A two-day American Civil War battle (April 6th and 7th, 1862) near Pittsburg Landing, Tennessee. Named for a Methodist chapel near the battlefield, this large engagement did much to determine the course of future battles in the western theatre.
The Union army, led by Major General Ulysses Simpson Grant, was massing for an attack on the Confederate held rail hub of Corinth, Mississippi. Feeling that the war was already as good as won, the Union commanders had not intrenched or otherwise made defensible their positions near the landing, preferring instead to drill and wait for the Army of the Ohio under major general Don Carlos Buell to link up before the assault. Unknown to them, however, the Confederate commanders had brought their own forces up to assault the Union positions, intending to smash Grant's army before Buell's could arrive.
Logistical difficulties and mass confusion reigned as units impeded each other on the march, and the Confederates arrived south of the Union positions several days behind the original plan. Nonetheless, they drew up to the Union positions on April 5th undetected. The men slept under arms overnight, and launched a surprise assault at dawn. The Union divisions, caught unprepared, were initially thrown back in disarray. By mid-morning they had settled into various secondary positions, most notable the division under Benjamin Prentiss which had taken what cover they could in a worn-down wagon trail. Several waves of Confederate troops failed to dislodge them. "It's a hornet's nest in there!" Johnny Reb cried. The crucible of the first day's battle was thus named.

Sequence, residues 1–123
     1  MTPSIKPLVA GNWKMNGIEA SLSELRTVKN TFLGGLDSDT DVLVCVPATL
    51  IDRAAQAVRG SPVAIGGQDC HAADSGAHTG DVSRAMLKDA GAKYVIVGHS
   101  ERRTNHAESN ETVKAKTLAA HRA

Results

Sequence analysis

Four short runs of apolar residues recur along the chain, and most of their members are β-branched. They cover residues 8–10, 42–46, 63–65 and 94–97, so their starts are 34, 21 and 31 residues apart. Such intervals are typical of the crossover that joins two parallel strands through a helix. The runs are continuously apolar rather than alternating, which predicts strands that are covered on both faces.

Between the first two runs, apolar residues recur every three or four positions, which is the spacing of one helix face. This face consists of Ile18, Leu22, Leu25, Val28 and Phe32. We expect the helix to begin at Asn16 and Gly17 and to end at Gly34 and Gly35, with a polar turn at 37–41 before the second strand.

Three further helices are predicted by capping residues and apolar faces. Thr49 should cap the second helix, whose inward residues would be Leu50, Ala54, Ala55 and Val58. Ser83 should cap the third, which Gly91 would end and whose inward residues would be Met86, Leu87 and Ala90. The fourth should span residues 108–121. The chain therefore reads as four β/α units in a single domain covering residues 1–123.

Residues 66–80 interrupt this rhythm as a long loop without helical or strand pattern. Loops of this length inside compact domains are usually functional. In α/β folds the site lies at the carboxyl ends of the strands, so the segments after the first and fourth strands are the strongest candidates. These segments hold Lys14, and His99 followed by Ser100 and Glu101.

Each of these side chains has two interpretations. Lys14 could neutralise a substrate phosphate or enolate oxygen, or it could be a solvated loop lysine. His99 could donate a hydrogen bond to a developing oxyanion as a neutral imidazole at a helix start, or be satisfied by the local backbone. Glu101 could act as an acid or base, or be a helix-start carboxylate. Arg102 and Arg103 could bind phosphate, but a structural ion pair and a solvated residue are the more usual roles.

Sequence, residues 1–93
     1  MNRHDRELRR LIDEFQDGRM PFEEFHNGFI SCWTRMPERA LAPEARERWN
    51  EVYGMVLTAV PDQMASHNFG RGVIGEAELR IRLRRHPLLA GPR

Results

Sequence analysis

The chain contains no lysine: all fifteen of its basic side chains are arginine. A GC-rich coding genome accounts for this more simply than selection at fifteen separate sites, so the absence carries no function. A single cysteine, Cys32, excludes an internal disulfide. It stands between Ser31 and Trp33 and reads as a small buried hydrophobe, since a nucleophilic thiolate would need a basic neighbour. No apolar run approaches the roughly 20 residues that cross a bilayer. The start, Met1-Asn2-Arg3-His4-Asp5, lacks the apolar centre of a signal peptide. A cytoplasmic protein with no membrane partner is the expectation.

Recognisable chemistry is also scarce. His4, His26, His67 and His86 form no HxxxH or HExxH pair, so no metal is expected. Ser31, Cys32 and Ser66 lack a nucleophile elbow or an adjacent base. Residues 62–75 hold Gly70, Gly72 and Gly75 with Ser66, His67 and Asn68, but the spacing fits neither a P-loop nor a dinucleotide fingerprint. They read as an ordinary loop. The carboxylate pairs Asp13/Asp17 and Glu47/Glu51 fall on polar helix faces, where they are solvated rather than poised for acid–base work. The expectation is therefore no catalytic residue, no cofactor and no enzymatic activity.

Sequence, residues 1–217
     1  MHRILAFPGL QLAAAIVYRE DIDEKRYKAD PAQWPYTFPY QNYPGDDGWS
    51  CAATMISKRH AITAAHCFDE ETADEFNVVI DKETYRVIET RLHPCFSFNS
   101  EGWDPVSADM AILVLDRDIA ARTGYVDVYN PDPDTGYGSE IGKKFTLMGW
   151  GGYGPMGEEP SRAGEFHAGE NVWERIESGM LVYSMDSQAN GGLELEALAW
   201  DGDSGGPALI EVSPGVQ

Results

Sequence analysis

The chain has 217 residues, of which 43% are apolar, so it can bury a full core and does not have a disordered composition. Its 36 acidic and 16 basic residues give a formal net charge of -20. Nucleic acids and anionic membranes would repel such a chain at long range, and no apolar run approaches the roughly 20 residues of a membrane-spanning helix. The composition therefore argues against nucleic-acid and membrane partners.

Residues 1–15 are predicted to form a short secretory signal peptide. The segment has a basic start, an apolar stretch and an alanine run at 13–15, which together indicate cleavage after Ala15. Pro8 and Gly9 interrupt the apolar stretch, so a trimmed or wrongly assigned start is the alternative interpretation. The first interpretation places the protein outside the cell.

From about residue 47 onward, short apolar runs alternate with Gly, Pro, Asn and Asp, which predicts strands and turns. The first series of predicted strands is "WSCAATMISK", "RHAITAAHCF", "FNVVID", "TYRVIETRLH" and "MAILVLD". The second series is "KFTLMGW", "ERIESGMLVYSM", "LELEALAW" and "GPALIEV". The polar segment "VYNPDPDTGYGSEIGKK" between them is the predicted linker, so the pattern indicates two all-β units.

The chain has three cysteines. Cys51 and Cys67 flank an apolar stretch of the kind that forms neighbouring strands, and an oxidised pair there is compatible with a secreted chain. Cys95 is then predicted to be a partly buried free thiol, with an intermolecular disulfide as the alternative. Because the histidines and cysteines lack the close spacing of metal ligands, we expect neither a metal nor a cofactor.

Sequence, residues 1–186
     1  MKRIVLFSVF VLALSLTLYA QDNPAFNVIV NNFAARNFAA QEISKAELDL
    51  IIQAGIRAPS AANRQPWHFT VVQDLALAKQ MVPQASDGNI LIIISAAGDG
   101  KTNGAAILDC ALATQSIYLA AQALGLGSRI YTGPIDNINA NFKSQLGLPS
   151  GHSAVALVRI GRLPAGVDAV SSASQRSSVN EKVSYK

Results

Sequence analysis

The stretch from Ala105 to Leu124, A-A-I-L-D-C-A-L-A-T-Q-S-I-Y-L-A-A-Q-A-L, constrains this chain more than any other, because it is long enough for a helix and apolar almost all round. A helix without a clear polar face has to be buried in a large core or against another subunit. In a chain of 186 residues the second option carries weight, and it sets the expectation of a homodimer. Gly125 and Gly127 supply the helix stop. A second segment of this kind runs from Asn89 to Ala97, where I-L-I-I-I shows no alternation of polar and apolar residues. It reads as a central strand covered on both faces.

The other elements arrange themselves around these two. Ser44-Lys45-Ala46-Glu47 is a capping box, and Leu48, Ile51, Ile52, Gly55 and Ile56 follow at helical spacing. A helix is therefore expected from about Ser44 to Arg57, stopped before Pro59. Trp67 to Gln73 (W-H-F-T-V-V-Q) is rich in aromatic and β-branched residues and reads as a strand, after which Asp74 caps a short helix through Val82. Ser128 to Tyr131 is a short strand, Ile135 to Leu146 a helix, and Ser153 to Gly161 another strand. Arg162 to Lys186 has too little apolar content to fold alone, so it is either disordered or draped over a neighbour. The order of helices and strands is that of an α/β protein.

Finally by 3:30pm, repeated mass assaults having failed, the Confederate command lined up over 60 guns facing the Hornet's Nest, loaded with canister shot and grape shot. The divisions covering Prentiss' flanks were broken, and Prentiss' troops were surrounded. He held out until 5:30pm when he was finally forced to surrender.
By the time Prentiss' men were taken, the Confederate army was exhausted. Their commander Albert Sidney Johnson had been killed while rallying his troops. Command passed to Confederate general Pierre Gustave Toutant Beauregard, who tried to move his troops on to force the Union to retreat, but they were spent. Twilight came on and ended the first day of battle.
Prentiss' stand had saved the Union from total defeat. Overnight Buell's men arrived, fresh and ready to stiffen the Union lines. The second day brought a reverse of the first, as Grant's fresh forces forced back Beauregard's exhausted ones, and the gains of the previous day were given up. The Confederates retreated to Corinth, leaving the field again to the Union.
Casualties were over 10,000 per side. The Confederates fell back without fulfilling their goal of smashing the Union army, and preventing Buell's linkup with Grant. The Union forces would ultimately follow them to Corinth. This in turn began a retreat and roll up of Southern forces that cost the CSA two states.
Shiloh National Military Park commemorates the site today.
Sources include Shelby Foote's The CIvil War, A Narrative, Volume One.